Link To Guest Website:

Title: “Intelligence & Upgrades For Individual Energy Devices”
Guest: Jorge Elizondo – Heila Technologies
Interviewers: Nathan Gobes – Radio Entrepreneurs & John Dustin – JED Insurance

Click here to read the transcript

Nathan (1s):
Welcome back Radio Entrepreneurs, listeners, and fans. I’m producer Nathan Gobes filling in for Jeffrey Davis this morning. And I want to thank you all for joining. We have at my side, John Dustin of JED Insurance. Welcome John

John (14s):
Morning, Nathan, I’m glad to be back. And this looks like it’s going to be a great set of interviews.

Nathan (19s):
I agree. I agree. Thank you for, for co-hosting with me. It’s Always good to have you at my side. Our next guest is Jorge Elizondo, a CTO and co-founder of Heila Technologies. Welcome Jorge.

Jorge (33s):
Thank you for inviting.

Nathan (35s):
Yes. Happy to have you on the show. Why don’t you tell us about what you’re doing and, and what your company is all about?

Jorge (42s):
Absolutely, absolutely. So Haley’s is a company that started in 2015 out of MIT. I did my, my PhD at MIT. It might read control and my grid optimization and microwaves are systems of that combined, you know, energy generation, energy storage, and energy consumption. So if you have, for example, a house with solar panels, batteries that you can connect or disconnect from the grid that will be considered a micro grid, auto or projects are usually a combination of many different houses or, or larger applications, commercial industrial. So that was my research at MIT.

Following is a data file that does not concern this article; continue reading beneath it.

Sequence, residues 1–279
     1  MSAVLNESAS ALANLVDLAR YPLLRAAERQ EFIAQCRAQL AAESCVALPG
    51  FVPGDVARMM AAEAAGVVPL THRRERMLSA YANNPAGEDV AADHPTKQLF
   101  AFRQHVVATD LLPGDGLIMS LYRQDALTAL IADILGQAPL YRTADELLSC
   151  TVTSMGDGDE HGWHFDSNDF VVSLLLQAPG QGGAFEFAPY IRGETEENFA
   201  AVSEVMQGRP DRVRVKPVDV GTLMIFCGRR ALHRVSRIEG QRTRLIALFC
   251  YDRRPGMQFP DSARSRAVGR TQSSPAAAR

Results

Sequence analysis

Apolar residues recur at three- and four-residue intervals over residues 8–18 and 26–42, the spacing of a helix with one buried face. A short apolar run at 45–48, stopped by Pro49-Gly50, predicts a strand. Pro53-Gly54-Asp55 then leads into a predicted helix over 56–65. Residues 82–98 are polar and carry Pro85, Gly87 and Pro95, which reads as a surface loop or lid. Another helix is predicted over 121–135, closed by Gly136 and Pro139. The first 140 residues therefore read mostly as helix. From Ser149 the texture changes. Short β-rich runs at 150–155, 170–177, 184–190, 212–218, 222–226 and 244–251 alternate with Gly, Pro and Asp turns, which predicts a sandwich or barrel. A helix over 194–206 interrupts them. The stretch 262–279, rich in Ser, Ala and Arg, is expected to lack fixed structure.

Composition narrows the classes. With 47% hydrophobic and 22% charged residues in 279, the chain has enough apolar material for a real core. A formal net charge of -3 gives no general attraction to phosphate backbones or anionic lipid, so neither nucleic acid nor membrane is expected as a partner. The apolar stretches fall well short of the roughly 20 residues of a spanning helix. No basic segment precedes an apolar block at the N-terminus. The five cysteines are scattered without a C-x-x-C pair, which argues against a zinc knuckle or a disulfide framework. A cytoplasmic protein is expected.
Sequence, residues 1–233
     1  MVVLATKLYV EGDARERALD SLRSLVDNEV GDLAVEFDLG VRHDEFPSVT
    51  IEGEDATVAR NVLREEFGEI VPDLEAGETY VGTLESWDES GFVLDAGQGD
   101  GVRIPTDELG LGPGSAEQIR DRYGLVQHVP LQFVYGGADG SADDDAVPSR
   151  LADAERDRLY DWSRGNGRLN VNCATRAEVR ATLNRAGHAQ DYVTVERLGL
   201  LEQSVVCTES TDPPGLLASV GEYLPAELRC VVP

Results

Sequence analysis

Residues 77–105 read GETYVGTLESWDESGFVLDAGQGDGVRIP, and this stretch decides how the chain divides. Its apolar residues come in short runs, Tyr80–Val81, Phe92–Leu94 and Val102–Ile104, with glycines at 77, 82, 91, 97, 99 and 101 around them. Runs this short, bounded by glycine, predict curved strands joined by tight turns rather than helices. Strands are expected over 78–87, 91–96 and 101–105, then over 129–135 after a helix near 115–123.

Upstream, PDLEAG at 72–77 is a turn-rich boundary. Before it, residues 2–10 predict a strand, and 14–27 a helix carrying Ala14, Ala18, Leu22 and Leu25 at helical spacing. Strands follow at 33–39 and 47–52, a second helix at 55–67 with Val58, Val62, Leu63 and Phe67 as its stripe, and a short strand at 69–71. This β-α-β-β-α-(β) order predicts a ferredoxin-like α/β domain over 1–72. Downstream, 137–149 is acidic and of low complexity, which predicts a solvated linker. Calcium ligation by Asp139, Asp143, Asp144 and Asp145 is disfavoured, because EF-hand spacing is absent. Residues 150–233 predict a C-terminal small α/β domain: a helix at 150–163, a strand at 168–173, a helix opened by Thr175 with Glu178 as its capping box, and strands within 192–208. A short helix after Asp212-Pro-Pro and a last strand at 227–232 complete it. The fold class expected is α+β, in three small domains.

Jorge (1m 23s):
How do you control systems like that? And we created a key lamb in 2015 to simplify the construction operation and optimization of the systems. We started as a combination of strong, theoretical knowledge and field experience, where we discovered that, you know, this isn’t a very hard to build. There’s a lot of complexity in there

John (1m 49s):
And who I hate is this, you know, I’ve been kind of fall on the grid thing that everybody talks about that we’re putting too much stress on the grid. Is this anything related to that,

Jorge (2m 0s):
Correct? Correct. Because you know, when you build microgrids, you start putting what is called distributed energy resources into the grid. These are resources that are not centralized, like a power plant, where you have one big location of energy generation, but you have it all over the place. And it’s usually very close to the consumption. So that brings a lot of advantages. For example, you lose way less energy in transmitting the energy from one place to another, but it also creates complexities because now instead of having a few power plants, you know, in the hundreds, thousands, maybe that you have to manage, I have millions of resources that are doing their own thing, right?

Jorge (2m 46s):
And there’s effects that they put on the grid and that stresses the grid. You can, you can think of of if everybody installed solar panels in their house, for example, or in their commercial building, there’s going to be a lot of generation in the day, right? More than we know what to do with it. And then in the evening, there’s no generation and power plants have to ramp up very quickly. And sometimes they can’t, they start creating in this, this phenomenon right there, there’s something that’s called the dock or so by actually coordinating and controlling the resources, these millions of resources that are installed in the grid. You don’t have this furniture, you can avoid these problems and have a much more resilient and efficient grid.

John (3m 31s):
Some of these big providers, I’m sorry. I know you’ve been some of the big providers, I think. And how you series do they drop during peak hours, some of the electricity flow to keep everything under control, because you hear that sometimes where people will say, oh, my step went off for a second and two or whatever.